Glossary of Family Law
Please click on each word for additional information & resources.
Alimony: Also referred to as spousal support or spousal maintenance. Alimony is the legal obligation for one spouse to provide financial support to the other before or after separation or divorce.
Alternate dispute resolution: This means that disagreements are settled outside the courtroom. A mediator is often involved in the resolution of conflicts.
Amicable divorce: Co-operating towards a peaceful separation. Can also be called a no-contest divorce or a dissolution. Does not include a courtroom settlement.
Annulment: An annulment cancels a marriage, declaring that the marriage was invalid and never existed.
Child custody: A legal assignment of guardianship over a child. Now also referred to as “Allocation of Parental Rights and Responsibilities.”
Child support: Also known as child maintenance. An on-going payment made by a parent for the financial support of a child or children.
Child visitation: The parent who is NOT granted custody of the children is granted permission to visit the children.
Civil annulment: The marriage is dissolved through legal channels, or by a court order.
Cohabitation: This refers to a couple that lives together as though married. State laws for cohabiting couples’ rights differ from state to state, and these rights are also not the same as those of a married couple.
Collaborative divorce: A collaborative divorce attempts to settle disputes out of court. See also “Collaborative law.”
Collaborative law: The two clients involved in the dispute and their attorneys work together towards a settlement without court proceedings.
Consensual dispute resolution: See “Alternate dispute resolution.”
Contested divorce: The partners cannot come to an agreement on the terms of the divorce. The divorce will need to be settled in court.
Conventional divorce: The husband and wife rely on the court system to resolves their disputes.
Custody: See “Child custody.”
Dissolution: See “Amicable divorce.”
Divorce: A court decree that terminates a marriage; also known as marital dissolution
Divorce/separation coach: A professional trained to handle the issues and emotions arising from divorce. Psychologists, social workers, and family therapists can perform this function and guide the parties involved through the issues and difficulties that they will face.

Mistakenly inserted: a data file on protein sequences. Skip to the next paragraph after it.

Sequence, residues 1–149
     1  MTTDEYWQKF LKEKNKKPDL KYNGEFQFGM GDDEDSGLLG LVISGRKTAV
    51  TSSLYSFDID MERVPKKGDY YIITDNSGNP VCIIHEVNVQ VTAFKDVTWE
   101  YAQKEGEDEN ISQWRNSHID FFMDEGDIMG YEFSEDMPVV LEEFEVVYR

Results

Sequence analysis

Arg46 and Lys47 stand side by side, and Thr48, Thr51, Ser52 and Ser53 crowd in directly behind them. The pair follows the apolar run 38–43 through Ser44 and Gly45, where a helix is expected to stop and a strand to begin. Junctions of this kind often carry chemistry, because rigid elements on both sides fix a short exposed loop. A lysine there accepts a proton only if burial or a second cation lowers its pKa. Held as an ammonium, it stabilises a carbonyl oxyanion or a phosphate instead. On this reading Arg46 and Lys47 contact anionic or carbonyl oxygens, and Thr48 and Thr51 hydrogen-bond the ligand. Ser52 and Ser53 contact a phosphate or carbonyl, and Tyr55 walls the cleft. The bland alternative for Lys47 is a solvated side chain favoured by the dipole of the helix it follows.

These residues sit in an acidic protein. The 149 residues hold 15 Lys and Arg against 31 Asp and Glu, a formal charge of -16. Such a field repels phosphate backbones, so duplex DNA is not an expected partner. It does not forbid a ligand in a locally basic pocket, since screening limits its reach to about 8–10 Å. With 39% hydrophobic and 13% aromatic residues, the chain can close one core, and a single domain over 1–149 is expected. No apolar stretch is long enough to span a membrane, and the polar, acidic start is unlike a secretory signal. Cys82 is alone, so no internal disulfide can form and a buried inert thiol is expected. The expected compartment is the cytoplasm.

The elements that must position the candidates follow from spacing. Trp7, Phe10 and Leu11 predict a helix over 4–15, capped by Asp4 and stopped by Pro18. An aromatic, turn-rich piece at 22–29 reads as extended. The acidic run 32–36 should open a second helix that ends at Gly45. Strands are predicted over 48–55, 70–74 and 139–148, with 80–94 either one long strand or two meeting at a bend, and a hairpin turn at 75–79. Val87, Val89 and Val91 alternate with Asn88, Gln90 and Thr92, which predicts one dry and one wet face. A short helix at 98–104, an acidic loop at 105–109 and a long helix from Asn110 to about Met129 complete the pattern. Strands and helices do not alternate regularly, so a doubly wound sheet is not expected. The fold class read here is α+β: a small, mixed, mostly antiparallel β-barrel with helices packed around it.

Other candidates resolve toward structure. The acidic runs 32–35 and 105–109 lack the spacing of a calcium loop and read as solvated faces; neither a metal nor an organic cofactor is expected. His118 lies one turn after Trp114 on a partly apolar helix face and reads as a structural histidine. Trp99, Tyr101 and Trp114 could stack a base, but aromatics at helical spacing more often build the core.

Divorce certificate: The legal document stating the end of the marriage. It contains the names of the husband and wife, and the date and place of the divorce.
Divorce counseling: A professional counselor can offer help and support through the emotionally difficult process of a divorce. There are also many support groups that can help. Members of the clergy also often serve this function.
Divorce court: The judicial body where legal divorce proceedings are held. See also “Family court.”
Divorce decree: The official court order terminating a marriage. The decree of divorce is valid once signed and dated by the presiding judge and court clerk.
Divorce filing: The initial paperwork to initiate divorce proceedings. As the divorce laws differ from state to state, the filing proceedings also differ based on your location.
Divorce law: The set of laws that govern the dissolution of marriages.
Divorce mediation: Meeting with a negotiator to settle disputes before the finalization of a divorce. This can resolve issues relating to all aspects of the divorce proceedings, from child custody arrangements to financial support and disbursements.
Divorce order: Final order made by a court in a divorce case. On taking effect, a divorce order legally ends a marriage.